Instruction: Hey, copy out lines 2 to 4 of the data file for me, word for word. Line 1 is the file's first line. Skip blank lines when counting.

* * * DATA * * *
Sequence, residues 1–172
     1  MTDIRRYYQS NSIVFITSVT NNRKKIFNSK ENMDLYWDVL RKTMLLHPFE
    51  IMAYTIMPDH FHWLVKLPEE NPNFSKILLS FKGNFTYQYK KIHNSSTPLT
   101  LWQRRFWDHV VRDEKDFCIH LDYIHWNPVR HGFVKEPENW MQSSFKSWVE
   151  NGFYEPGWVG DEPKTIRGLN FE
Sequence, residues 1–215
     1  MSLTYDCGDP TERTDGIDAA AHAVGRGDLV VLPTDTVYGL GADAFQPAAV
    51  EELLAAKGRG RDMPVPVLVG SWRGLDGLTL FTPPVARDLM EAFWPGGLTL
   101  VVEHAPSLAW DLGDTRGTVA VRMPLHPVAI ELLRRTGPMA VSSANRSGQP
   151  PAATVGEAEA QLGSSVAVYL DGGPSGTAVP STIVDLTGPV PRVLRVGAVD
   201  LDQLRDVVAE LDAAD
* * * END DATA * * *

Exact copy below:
     1  MTDIRRYYQS NSIVFITSVT NNRKKIFNSK ENMDLYWDVL RKTMLLHPFE
    51  IMAYTIMPDH FHWLVKLPEE NPNFSKILLS FKGNFTYQYK KIHNSSTPLT
   101  LWQRRFWDHV VRDEKDFCIH LDYIHWNPVR HGFVKEPENW MQSSFKSWVE